TABLE 3. Mean haemoglobin concentration before and after intervention among pre-school-age and school-age children

Age group and intervention


Mean haemoglobin g% SD






11.7 1 5

12.9 1 2

< .0001



11.7 1.6

12.1 1.5

< .01



12 5 1.6

13.7 1 5

< 0001



12.5 1.3

12.8 1.3


TABLE 4. Mean plasma ferritin levels before and after intervention

Age group and intervention


Mean ferritin ng/ml SD






22.0 19.4

42.0 18.9

< .001



23.1 17.4

24.1 12.9




25.2 21.6

38.2 17.5

< 001



28.9 27.6

26.3 13.6


TABLE 5. Prevalence of parasitic infestation Parasites (% infestation)

Age group


Parasites (% infestation)

Schistosoma haematobium

Schistosoma mansoni


















TABLE 6. Mean number of episodes and duration of diarrhoeal attacks per individual per month

Age group and intervention No. Episodes/month, mean SD Days/month, mean SD
Before After Before After
iron 53 0.38 0.37 0.25* 0.25 1.00 1.18 0.70 0.86
placebo 50 0.29 0.48 0.38* 0.41 0 63 0.74 1.00 1.44
iron 31 0.32 0.53 0.23 0.24 0.85 1.80 0.52 0.73
placebo 22 0.14 0.25 0.31 0.41 0.43 1.00 0.68 1.06

*Significant difference between means before and after intervention (P<.05).

It was anticipated that pathological blood losses associated with hookworm disease and schistosomiasis [19] might be a factor in the occurrence of anaemia in this population. However, the prevalence and severity of these parasitic infections were not sufficient to produce detectable effects on haematological status. It is assumed, therefore, that the high prevalence of iron deficiency is primarily due to the poor availability of iron in the diet.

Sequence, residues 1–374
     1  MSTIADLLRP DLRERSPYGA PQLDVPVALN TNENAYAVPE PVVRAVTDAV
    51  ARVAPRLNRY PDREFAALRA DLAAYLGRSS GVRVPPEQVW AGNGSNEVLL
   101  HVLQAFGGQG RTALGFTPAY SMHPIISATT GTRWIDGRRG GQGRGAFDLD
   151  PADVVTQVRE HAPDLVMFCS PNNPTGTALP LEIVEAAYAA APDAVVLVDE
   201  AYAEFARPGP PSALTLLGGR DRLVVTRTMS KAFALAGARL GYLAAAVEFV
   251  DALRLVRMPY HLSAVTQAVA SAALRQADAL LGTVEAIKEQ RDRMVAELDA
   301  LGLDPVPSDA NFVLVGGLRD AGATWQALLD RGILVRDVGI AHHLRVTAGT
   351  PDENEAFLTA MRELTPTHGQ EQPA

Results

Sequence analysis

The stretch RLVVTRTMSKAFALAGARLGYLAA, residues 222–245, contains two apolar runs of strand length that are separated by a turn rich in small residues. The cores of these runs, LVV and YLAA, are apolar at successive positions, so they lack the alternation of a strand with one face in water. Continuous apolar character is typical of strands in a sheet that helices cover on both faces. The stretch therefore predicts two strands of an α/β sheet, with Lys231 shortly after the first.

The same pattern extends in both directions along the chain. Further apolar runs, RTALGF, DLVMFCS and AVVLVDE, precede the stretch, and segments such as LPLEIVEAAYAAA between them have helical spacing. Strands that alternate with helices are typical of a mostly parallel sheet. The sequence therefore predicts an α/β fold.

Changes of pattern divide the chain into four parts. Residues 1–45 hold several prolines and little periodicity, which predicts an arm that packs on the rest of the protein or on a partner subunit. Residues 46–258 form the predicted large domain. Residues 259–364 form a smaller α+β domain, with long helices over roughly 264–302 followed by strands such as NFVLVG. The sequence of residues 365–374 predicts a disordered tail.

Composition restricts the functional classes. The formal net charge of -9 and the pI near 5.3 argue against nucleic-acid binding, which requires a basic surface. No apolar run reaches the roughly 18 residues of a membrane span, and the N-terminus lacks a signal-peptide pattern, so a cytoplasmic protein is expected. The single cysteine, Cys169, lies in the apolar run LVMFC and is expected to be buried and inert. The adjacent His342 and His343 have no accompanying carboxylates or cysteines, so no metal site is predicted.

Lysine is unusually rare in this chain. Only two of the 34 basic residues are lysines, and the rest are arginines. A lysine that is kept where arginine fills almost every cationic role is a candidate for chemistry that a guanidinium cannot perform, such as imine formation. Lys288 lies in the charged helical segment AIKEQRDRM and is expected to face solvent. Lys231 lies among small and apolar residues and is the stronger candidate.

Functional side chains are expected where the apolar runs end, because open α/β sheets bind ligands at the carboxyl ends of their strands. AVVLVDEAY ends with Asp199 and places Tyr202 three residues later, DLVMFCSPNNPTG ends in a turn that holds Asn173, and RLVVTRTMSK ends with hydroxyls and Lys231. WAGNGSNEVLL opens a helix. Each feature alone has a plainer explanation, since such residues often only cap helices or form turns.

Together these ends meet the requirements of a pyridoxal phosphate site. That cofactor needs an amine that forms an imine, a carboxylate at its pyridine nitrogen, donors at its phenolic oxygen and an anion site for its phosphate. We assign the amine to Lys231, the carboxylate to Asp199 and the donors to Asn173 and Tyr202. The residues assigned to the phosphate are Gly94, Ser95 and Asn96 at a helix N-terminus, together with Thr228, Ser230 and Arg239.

The ability of neutrophils and macrophages to kill ingested bacteria and fungi is impaired in iron-deficient children [20, 21]. This impairment is presumably due to the reduced activity of the intracellular-iron-dependent enzymes necessary for the respiratory burst that kills ingested bacteria [22, 23]. Iron deficiency also alters the proportion and function of various T-cell subsets with marked depletion of lymphocytes [24, 25]. In electron microscope studies, over 40% of the lymphocytes from iron-deficient patients were found to have abnormalities in their mitochondria [11, 26]. These biochemical and functional changes are reversed by iron therapy.

Higher prevalences of diarrhoeal and respiratory diseases have been reported in iron-deficient rubber tappers in Indonesia [27] and children in Alaska [28]. In the Indonesian study and other reports [29, 30], these diseases decreased with iron supplementation. The findings of this study of a decrease in morbidity from diarrhoeal disease with improved iron status are consistent with the above observations and have important public health implications for iron-deficient populations.

Gross et al. [24] and Keusch et al. [25] reported that iron deficiency altered the proportion and function of various T-cell subsets with marked depletion of Iymphocytes. In election microscope studies, 40% of the Iymphocytes from iron-deficient patients were found to have abnormal changes in their mitochondria [11, 26]. The ability of neutrophils and macrophages to kill ingested bacteria and fungi was reduced in iron-deficient children [20, 21].

In rats, an increase in morbidity and mortality with experimental salmonella infection in iron-deprived animals was associated with a decrease in myeloperoxidase-containing cells in the gastrointestinal mucosa [22]. However, a totally iron-free diet inhibited the infection by depriving the bacteria of iron for replication [22]. In human subjects with severe iron deficiency, massive therapeutic doses of iron can exacerbate infections by providing iron for replication of the infectious agent before it can contribute to recovery of impaired immunity. However, the levels provided through supplementation or fortification allow recovery of the immune system without being sufficient to stimulate the replication of infectious agents.